I am not a fun mom. All the other moms let their kids do fun things all the time. And my poor kids are suffering. Or at least that's what my kids always tell me.
It's true that I am not a naturally fun person, at least in the sense of being playful. I don't think I'm dull. And I don't actually believe that my kids suffer (at least not most days.) But true enough, I've never been accused of being the life of the party. I'm naturally cautious. I'm an organized, play by the rules kind of person. And I'm not one to like too much spontaneity. I mean, I do like being spontaneous from time to time, so long as it's pre-planned. My kids frequently ask to have friends over after church or homeschool co-op with no warning, but I'm the kind of mom who wants to plan a playdate a week or two in advance.
It's not just a personality issue that makes me not a super fun mom. Part of the issue has to do with our family dynamics. We've adopted several older children, which has brought some challenges throughout the years--namely good old Reactive Attachment. If you're not familiar with RAD, I'm sure I'll post about it some time in the future. But you can read about it here.
I'll spare you the details right now, but due to having kids with adoption trauma, our schedule is often just not flexible. When trauma rears its ugly head, everything else stops. And to be completely honest, some years the stress we've dealt with has made me not feel like having much fun anyway.
But even with all of this going on, despite knowing my own personality well, and also understanding my circumstances, I can still get caught in the comparison trap. My kids' accusations--as immature as they may sound at times--still sink deep in my heart some days. I think back to college when someone told me that when I became a mother I should try to be the cool home in the neighorhood--the house where all the kids hang out. And I think about how that just hasn't been feasible for our life situation. At times I've looked at other moms and wished my life circumstances would allow me to be fun and flexible like them. Sometimes I've had a good old-fashioned pity party.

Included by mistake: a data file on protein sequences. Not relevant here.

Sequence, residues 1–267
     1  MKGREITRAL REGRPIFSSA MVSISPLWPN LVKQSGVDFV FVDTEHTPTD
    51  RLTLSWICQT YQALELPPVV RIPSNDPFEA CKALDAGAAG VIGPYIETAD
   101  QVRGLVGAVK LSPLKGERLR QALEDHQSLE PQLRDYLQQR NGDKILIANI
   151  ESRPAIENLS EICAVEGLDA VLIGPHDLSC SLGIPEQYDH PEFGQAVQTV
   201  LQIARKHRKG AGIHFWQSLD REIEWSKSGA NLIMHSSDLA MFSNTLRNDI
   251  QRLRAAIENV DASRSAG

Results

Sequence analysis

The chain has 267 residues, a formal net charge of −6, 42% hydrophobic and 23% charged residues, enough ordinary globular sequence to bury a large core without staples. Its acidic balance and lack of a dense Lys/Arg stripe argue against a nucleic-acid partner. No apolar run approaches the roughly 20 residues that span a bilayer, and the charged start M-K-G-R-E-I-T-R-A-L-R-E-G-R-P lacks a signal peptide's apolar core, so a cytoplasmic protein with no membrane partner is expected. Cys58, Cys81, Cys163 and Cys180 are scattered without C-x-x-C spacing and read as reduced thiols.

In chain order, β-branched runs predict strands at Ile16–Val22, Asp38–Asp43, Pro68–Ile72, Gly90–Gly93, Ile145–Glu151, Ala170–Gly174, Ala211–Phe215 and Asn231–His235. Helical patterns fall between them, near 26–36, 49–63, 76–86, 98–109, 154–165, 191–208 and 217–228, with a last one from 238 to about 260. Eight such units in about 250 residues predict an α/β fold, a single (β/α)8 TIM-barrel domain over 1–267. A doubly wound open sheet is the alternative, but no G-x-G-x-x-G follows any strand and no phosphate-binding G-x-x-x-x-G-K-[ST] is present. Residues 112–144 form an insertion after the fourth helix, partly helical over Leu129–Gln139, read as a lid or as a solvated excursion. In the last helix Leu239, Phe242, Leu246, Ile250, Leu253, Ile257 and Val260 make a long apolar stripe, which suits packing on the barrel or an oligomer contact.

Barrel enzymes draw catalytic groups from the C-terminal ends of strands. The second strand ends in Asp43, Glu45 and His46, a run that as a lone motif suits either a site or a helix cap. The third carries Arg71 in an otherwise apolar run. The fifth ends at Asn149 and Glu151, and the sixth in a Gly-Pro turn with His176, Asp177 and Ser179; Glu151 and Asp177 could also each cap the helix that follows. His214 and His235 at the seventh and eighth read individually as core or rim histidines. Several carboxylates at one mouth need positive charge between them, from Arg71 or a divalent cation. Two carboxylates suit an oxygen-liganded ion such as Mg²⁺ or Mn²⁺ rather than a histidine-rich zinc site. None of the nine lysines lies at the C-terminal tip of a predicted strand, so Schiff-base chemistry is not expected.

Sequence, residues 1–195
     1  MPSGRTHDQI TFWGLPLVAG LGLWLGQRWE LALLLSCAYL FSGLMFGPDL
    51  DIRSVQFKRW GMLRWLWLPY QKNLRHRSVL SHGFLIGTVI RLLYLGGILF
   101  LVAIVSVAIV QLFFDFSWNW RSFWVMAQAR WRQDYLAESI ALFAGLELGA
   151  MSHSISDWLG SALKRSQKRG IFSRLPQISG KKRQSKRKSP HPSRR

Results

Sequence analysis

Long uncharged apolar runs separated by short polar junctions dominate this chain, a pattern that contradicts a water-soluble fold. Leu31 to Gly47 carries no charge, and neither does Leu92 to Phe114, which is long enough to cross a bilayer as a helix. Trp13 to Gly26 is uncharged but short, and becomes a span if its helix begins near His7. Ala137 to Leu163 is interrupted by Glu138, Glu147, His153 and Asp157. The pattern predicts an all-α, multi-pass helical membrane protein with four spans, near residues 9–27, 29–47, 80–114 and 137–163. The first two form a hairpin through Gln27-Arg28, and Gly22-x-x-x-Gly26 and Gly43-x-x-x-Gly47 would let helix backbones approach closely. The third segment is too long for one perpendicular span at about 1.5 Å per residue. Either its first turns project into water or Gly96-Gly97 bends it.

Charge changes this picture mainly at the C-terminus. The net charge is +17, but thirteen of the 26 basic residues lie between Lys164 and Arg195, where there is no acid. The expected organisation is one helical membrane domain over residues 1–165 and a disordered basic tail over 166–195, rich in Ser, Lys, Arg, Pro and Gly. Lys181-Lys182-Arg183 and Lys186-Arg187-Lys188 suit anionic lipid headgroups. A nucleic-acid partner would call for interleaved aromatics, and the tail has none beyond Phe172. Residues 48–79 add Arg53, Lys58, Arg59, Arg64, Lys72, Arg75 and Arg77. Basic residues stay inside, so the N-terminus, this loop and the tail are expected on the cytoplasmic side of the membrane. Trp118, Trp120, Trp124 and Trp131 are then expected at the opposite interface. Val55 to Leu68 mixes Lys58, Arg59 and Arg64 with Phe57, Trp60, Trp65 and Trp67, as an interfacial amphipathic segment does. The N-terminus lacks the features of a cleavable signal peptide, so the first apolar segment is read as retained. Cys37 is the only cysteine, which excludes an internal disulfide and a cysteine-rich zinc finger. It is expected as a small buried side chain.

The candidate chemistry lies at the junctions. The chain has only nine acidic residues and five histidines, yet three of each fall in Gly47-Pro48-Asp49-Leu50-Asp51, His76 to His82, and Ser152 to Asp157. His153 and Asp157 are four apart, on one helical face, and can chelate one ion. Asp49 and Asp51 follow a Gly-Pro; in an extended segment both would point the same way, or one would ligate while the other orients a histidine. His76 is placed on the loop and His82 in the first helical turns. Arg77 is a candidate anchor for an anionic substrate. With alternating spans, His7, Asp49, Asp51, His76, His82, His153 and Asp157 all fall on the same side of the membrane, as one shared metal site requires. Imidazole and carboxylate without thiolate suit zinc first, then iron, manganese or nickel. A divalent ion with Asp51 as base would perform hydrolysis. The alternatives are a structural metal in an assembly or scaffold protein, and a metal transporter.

Yes, I wish I were the kind of mom who could loosen up a bit and be silly more often. Or be the kind of mom who loves sitting on the floor playing with preschoolers. The kind of mom who could say "Sure, let's create a huge pillow fort in the living room" rather than just seeing the mess of pillows and blankets. Or the kind of mom who thinks up all kinds of fun field trips or elaborate birthday parties. Basically a Pinterest mom. You know the type.
Not Fun Mom But Exactly Right
Indeed, those thoughts do sink into my heart some days. When I let them. But as I've gotten older, I have actually started to celebrate my personality more and more. Even my husband celebrates that my natural cautiousness and rule following me have given me low car insurance rates. Ha!
Sure, I'm not a fun preschool teacher, but I see that my gifting is teaching at a higher age level. Yes, age has brought some wisdom. But hands down, the biggest thing that has changed my perspective and yanked me out of that comparison trap is filling my mind with truth of God's Word. The truth is that I have exactly the right personality for the kids that God has entrusted to me. The truth is that I am a failure of a mom, but my adequacy doesn't not come from within me. It comes from God.
Maybe you don't battle thoughts of not being fun enough like I do. Maybe you think I'm not organized enough. I'm too introverted. I'm not creative enough. I'm not smart enough. I'm not..... The list goes on and on.
Pondering the Truth